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Consigning Property for Auction, Part 1

Apr 11 2012

Guest blog post by Karen Keane  CEO  Skinner, Inc  www.skinnerinc.com 

Murphy Insurance is pleased to join Skinner Inc. as co-presenting sponsor of The Wayside Inn Antiques Show. In the lead up to the show May 11-13, we’re please to have had Karen Keane provide our readers with insights on the process of consigning property for auction.

are you ready for an antiques appraisal?

If you’re a collector of art and antiques or the heir to a family estate, no doubt you’ve thought about consigning some of that property to auction. So what might be stopping you?

I’ve been an appraiser for over thirty years, and I’ve helped thousands of clients successfully auction their fine tangibles. In my experience, not knowing how to get the process started is the biggest obstacle to consigning.

Here are 5 steps for navigating the consignment process, and my best advice for sailing through it with ease.

#1: know what you own

Before you consign antiques or fine art, you have to know exactly what you have, what it is worth, and whether it is salable at auction. A full service auction house is your one-stop shop for answering these questions, and bringing your property to auction.

#2: look for an auction house with specialty expertise

You’ll want to find an auction house that specializes in the type of objects you have and has a solid track record for selling them. Whether you have paintings, furniture, jewelry, musical instruments, rare Asian arts, or fine wine, a specialty auction house will have appraisers with expertise in specific collecting categories. Search online databases to check auction prices, visit auction house websites, or ask friends, family or colleagues to share their auction experiences—the auction world is very word-of-mouth.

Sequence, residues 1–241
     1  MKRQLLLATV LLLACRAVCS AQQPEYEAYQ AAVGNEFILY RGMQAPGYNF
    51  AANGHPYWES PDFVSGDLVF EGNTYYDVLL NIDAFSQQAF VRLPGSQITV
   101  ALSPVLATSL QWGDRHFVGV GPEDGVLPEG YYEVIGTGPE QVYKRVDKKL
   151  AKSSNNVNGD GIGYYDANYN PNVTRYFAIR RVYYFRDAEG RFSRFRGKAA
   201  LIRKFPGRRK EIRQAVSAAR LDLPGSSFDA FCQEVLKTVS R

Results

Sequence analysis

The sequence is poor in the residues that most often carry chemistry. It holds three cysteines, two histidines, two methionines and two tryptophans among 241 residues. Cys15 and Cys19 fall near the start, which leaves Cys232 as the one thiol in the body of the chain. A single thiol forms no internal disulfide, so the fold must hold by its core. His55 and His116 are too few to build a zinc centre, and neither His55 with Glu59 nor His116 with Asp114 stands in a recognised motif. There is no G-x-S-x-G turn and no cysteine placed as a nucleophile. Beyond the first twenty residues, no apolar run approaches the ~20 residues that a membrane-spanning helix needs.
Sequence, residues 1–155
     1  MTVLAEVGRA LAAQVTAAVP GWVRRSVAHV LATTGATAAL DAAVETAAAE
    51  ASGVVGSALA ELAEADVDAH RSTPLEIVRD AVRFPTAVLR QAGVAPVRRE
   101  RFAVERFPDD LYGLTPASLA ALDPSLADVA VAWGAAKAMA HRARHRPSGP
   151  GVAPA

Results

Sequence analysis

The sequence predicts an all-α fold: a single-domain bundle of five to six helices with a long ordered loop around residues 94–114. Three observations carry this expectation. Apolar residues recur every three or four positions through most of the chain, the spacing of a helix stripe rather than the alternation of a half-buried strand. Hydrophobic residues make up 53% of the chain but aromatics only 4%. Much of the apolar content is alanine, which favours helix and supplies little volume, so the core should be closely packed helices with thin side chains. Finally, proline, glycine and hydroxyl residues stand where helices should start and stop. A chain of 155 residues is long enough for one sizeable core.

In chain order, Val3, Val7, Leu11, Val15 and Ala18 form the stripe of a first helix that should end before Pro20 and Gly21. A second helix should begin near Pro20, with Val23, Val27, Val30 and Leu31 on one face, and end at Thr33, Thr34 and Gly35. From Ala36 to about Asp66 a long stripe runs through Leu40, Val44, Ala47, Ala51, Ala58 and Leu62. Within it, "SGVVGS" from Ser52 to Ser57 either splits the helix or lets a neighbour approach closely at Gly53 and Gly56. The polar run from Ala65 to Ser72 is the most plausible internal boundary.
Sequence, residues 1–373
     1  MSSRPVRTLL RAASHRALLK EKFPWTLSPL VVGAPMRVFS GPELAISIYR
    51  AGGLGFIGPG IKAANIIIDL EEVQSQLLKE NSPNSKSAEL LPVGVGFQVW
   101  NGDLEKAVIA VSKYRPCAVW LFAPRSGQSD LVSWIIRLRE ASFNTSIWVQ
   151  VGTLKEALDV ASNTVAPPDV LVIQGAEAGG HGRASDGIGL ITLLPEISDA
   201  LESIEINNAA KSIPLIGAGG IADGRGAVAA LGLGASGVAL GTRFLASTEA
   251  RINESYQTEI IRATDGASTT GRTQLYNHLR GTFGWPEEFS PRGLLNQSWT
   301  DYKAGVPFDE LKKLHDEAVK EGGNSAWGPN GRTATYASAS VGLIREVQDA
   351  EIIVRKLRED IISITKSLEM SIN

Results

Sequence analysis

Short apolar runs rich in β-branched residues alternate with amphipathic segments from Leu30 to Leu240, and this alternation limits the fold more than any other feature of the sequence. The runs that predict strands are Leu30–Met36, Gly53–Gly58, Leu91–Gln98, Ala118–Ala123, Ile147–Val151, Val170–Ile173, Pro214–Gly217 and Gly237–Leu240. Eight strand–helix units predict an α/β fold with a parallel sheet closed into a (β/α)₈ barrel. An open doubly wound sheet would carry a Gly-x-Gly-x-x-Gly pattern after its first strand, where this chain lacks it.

#3: get free, no-obligation verbal appraisals

Be sure to choose a firm that provides verbal appraisals or auction estimates free-of-charge, and with no obligation to consign. Be wary of any appraiser who offers to buy the property outright versus taking it on consignment.

#4: get your property assessed without leaving home

Once you’ve selected your auction partner, have their appraisers assess your property. There are many ways to get in touch without leaving home. You can send digital or hard copy photographs via mail, email, or through the company’s website. Skinner provides an online auction evaluation form.

#5: meet with an appraiser in person

You can also make an appointment to bring your items to the auction gallery for inspection. At Skinner we call this a “lobby appointment.” If you have a whole house full of material, an appraiser can make a “house call” to view the items in situ. Call the Skinner Appraisal Services department at 508-970-3299 to set up an appointment or house call. We may ask you to send photos of your antiques first.

Be sure to watch for part 2 of Karen Keane's blog on...How to get the most out of an antiques appraisal. You’ll learn what to include in any information you send to an appraiser, and what to expect at an appointment.

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